4 weeks later, police still investigating Idaho student slayings: 'Not going cold'

More than a month after the brutal attack that left four University of Idaho students dead, investigators are urging the public to submit tips to help solve the crime, as police emphasize the case is not growing cold.

Police have not identified a suspect in the deaths of Ethan Chapin, 20; Madison Mogen, 21; Xana Kernodle, 20; and Kaylee Goncalves, 21, who were found slain with multiple stab wounds in a home near the school’s Moscow, Idaho, campus on Nov. 13.

"This case is not going cold," Robbie Johnson, a public information officer for the Moscow Police Department, said in an interview with NBC News.

"We’re in a really good place in this investigation where we have a lot of leads, a lot of places to go as far as investigation. We have a lot more to do, but we’ve collected a lot of evidence, and we’re continuing to move forward with that."

Ethan Chapin, 20; Madison Mogen, 21; Xana Kernodle, 20; and Kaylee Goncalves, 21, were found dead on Nov. 13 with multiple stab wounds. (TODAY)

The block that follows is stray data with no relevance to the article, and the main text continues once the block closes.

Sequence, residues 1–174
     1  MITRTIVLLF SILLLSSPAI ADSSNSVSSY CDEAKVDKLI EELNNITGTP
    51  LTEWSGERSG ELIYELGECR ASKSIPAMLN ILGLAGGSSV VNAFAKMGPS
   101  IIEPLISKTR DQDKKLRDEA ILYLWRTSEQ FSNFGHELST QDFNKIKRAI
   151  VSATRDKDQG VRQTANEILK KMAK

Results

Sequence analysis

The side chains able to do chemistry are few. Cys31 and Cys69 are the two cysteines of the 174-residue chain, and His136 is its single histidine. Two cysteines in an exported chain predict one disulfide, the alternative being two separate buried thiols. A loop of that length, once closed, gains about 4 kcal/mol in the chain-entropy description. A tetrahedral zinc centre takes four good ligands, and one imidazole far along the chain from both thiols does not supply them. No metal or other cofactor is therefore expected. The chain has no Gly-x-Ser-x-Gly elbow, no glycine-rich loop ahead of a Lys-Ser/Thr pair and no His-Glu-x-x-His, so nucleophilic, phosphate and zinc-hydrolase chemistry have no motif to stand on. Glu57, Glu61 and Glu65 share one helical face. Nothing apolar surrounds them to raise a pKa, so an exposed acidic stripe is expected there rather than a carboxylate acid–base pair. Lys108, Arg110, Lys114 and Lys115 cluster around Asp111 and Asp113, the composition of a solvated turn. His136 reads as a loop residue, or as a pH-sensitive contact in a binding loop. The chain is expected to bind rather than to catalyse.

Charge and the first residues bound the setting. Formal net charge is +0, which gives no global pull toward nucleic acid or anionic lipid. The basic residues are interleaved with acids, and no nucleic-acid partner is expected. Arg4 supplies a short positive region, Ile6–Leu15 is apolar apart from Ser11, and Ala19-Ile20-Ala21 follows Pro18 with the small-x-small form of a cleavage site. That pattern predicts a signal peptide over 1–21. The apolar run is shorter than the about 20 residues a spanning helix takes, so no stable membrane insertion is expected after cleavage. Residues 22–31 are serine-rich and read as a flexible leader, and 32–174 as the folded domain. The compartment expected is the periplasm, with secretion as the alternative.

Ethan Chapin, 20; Madison Mogen, 21; Xana Kernodle, 20; and Kaylee Goncalves, 21, were found dead on Nov. 13 with multiple stab wounds. (TODAY)

Last week, police said investigators were interested in speaking with the occupant or occupants of a white 2011-2013 Hyundai Elantra that was in the "immediate area" of the students' residence during the early morning hours of Nov. 13.

"We know the vehicle was there," Johnson said. "We just don’t know who was in it, who may have owned that car, who may have information about what happened that night."

Due to the number of calls with leads, the tip line had to be directed to an FBI call center, police said on Dec. 8. The investigation team spent several hours going through the tips over the weekend, and the FBI is continuing to prioritize and vet the tips, police said.

Steve Goncalves, the father of victim Kaylee Goncalves, told TODAY on Dec. 1 he is desperate for authorities to provide more information about the investigation. "They’re kind of just telling me that they can’t tell me much, which is frustrating," he said.

"We’re not releasing specific details because we do not want to compromise this investigation," said Capt. Roger Lanier of the Moscow Police Department. "We want more than just an arrest. We want a conviction."

Goncalves said in an interview with Fox News on Dec. 12 he had spoken to the coroner, who said the victims had "big open wounds." He also said his daughter's injuries did not match fellow victim Mogen's, even though they were killed in the same bed.

Goncalves could not immediately be reached by TODAY, and NBC News was unable to independently verify his allegations.